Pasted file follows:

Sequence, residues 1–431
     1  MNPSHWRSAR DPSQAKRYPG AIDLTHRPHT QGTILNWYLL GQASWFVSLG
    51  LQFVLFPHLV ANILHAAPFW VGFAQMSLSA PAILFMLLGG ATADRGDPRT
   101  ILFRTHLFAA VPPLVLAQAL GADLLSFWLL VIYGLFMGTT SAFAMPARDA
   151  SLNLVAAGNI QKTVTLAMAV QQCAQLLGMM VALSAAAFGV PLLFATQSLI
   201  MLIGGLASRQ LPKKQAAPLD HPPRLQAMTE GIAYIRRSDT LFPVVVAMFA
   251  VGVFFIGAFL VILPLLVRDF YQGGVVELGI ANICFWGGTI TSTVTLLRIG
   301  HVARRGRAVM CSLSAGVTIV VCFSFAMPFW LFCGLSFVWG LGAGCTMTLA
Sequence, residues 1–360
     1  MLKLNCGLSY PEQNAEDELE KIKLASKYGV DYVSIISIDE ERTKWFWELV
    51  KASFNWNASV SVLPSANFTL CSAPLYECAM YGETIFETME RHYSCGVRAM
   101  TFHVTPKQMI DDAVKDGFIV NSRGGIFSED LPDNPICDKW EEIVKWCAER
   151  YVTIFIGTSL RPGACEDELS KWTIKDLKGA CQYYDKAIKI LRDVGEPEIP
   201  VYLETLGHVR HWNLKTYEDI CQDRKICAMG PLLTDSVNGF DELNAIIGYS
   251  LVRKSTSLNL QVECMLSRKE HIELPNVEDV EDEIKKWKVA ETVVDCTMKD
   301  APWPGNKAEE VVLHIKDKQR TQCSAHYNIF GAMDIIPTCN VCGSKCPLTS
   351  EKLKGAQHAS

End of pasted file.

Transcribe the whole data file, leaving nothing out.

Sequence, residues 1–431
     1  MNPSHWRSAR DPSQAKRYPG AIDLTHRPHT QGTILNWYLL GQASWFVSLG
    51  LQFVLFPHLV ANILHAAPFW VGFAQMSLSA PAILFMLLGG ATADRGDPRT
   101  ILFRTHLFAA VPPLVLAQAL GADLLSFWLL VIYGLFMGTT SAFAMPARDA
   151  SLNLVAAGNI QKTVTLAMAV QQCAQLLGMM VALSAAAFGV PLLFATQSLI
   201  MLIGGLASRQ LPKKQAAPLD HPPRLQAMTE GIAYIRRSDT LFPVVVAMFA
   251  VGVFFIGAFL VILPLLVRDF YQGGVVELGI ANICFWGGTI TSTVTLLRIG
   301  HVARRGRAVM CSLSAGVTIV VCFSFAMPFW LFCGLSFVWG LGAGCTMTLA
Sequence, residues 1–360
     1  MLKLNCGLSY PEQNAEDELE KIKLASKYGV DYVSIISIDE ERTKWFWELV
    51  KASFNWNASV SVLPSANFTL CSAPLYECAM YGETIFETME RHYSCGVRAM
   101  TFHVTPKQMI DDAVKDGFIV NSRGGIFSED LPDNPICDKW EEIVKWCAER
   151  YVTIFIGTSL RPGACEDELS KWTIKDLKGA CQYYDKAIKI LRDVGEPEIP
   201  VYLETLGHVR HWNLKTYEDI CQDRKICAMG PLLTDSVNGF DELNAIIGYS
   251  LVRKSTSLNL QVECMLSRKE HIELPNVEDV EDEIKKWKVA ETVVDCTMKD
   301  APWPGNKAEE VVLHIKDKQR TQCSAHYNIF GAMDIIPTCN VCGSKCPLTS
   351  EKLKGAQHAS